Tangible Asset

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What is a 'Tangible Asset'

A tangible asset is an asset that has a physical form. Tangible assets include both fixed assets, such as machinery, buildings and land, and current assets, such as inventory.

The opposite of a tangible asset is an intangible asset. Nonphysical assets, such as patents, trademarks, copyrights, goodwill and brand recognition, are all examples of intangible assets.

BREAKING DOWN 'Tangible Asset'

A business’ core operations are centered around its assets which is recorded on the balance sheet statement. Assets equal the sum of a company’s total liabilities and its shareholders’ equity. The main form of assets in most industries are tangible assets.

Tangible assets are physical items of value which are used to generate revenue for a company. Tangible assets are either current or fixed. Current assets include items such as cash, inventory, and marketable securities. These items are typically used within a year and, thus, can be more readily sold to raise cash for emergencies. Fixed assets, on the other hand, are noncurrent assets which a company uses in its business operations for more than a year. They are recorded on the balance sheet as Property, Plant and Equipment (PP&E), and include assets such as trucks, machinery, office furniture, buildings, etc. The money that a company generates using tangible assets is recorded on the income statement as revenue.

Tangible current assets are recorded at the cost incurred to acquire them. The cost of an asset is usually available on the bill or invoice received from the seller. If the firm purchased inventory for $200,000, this is what will be shown on the financial statement. The cost for tangible fixed assets may include transportation costs, installation costs, and insurance costs related to the purchased asset. If a firm purchased machinery for $500,000 and incurred transportation expenses of $10,000 and installation costs of $7,500, the cost of the machinery will be recognized at $517,500.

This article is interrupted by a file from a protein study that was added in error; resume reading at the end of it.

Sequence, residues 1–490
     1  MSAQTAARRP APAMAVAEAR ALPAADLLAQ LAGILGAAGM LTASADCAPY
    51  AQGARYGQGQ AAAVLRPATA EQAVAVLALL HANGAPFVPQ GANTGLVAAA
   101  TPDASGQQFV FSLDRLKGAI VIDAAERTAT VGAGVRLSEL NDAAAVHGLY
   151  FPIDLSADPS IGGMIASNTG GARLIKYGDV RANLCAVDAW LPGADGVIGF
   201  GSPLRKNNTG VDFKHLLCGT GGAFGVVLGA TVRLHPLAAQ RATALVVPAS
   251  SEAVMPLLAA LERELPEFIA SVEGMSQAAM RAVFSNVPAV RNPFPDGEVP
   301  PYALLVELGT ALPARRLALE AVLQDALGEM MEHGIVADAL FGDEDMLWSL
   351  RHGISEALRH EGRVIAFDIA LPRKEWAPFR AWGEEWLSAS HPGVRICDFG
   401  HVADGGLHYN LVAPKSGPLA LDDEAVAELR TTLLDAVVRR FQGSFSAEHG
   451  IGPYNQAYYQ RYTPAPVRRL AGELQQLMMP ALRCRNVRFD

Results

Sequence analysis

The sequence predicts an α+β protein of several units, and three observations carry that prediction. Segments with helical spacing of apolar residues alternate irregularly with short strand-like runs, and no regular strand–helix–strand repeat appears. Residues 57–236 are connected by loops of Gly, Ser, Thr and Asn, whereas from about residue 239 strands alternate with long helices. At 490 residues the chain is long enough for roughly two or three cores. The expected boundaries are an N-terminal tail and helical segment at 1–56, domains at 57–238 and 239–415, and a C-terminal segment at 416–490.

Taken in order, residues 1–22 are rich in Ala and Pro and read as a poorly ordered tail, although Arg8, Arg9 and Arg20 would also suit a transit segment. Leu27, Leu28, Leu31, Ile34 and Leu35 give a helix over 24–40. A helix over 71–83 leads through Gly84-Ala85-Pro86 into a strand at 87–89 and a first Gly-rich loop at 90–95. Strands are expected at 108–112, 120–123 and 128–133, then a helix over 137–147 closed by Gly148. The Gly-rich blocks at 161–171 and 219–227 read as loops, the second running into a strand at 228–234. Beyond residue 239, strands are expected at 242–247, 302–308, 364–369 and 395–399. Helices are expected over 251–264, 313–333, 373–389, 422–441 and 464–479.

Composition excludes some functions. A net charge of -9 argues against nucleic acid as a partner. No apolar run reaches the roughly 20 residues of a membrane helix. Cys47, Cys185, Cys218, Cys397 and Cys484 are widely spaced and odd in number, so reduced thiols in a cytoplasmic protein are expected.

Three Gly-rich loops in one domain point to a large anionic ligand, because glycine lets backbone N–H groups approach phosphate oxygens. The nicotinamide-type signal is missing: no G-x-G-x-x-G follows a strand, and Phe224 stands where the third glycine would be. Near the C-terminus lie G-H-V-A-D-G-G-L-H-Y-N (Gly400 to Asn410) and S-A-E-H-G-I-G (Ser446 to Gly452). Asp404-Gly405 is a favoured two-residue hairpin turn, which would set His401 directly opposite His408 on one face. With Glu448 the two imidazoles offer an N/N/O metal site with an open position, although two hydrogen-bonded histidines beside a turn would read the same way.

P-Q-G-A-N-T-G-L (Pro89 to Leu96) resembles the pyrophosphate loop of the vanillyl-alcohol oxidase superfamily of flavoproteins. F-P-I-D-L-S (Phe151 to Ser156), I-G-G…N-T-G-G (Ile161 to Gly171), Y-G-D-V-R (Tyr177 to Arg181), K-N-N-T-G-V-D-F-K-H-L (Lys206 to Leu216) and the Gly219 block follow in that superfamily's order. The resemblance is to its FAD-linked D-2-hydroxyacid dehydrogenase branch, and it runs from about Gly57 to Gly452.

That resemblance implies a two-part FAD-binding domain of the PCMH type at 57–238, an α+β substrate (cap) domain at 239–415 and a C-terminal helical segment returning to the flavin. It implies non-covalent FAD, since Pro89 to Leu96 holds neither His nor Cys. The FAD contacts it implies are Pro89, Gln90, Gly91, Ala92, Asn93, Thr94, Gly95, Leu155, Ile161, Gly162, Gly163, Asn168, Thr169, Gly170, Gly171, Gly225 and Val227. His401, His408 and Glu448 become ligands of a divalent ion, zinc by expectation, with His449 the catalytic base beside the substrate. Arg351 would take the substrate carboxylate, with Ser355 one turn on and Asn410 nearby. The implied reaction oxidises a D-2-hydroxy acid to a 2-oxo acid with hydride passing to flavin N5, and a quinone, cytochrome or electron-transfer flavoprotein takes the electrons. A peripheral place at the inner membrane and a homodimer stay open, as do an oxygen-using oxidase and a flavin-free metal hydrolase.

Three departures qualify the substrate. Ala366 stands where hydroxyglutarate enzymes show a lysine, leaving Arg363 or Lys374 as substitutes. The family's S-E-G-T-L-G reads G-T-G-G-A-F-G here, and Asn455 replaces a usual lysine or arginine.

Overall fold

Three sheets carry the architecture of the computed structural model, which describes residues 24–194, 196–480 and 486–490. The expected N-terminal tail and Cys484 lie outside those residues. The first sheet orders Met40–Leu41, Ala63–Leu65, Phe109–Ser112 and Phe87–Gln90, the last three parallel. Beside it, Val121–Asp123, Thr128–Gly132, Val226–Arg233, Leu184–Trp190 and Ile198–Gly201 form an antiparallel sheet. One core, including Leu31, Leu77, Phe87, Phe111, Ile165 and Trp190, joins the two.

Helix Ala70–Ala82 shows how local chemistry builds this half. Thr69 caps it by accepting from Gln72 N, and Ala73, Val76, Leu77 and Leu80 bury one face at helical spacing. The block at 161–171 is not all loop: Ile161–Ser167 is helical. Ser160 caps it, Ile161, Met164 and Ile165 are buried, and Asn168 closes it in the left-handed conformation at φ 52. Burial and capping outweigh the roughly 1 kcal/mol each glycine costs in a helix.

Tangible fixed assets receive special treatment for accounting purposes since they have an anticipated useful life of more than one year.  A company uses a process called depreciation to allocate part of the asset's expense to each year of its useful life, instead of allocating the entire expense to the year in which the asset is purchased. This means that each year that the equipment or machinery is put to use, the cost associated with using up the asset over time is recorded. In effect, tangible fixed assets lose value as they age. The rate at which a company chooses to depreciate its assets may result in a book value that differs from the current market value of the assets. Depreciation is recorded as an expense on the income statement.

Tangible assets can also be impaired due to damage or obsolescence. When an asset is impaired, its fair value decreases which will lead to an adjustment of book value on the balance sheet. A loss will also be recognized on the income statement. If the carrying amount exceeds the recoverable amount, an impairment expense amounting to the difference is recognized in the period. If the carrying amount is less than the recoverable amount, no impairment is recognized. A tangible asset that is fixed may be disposed of or sold at the end of its useful life for a salvage value, which is the estimated value of the asset if it was sold in parts.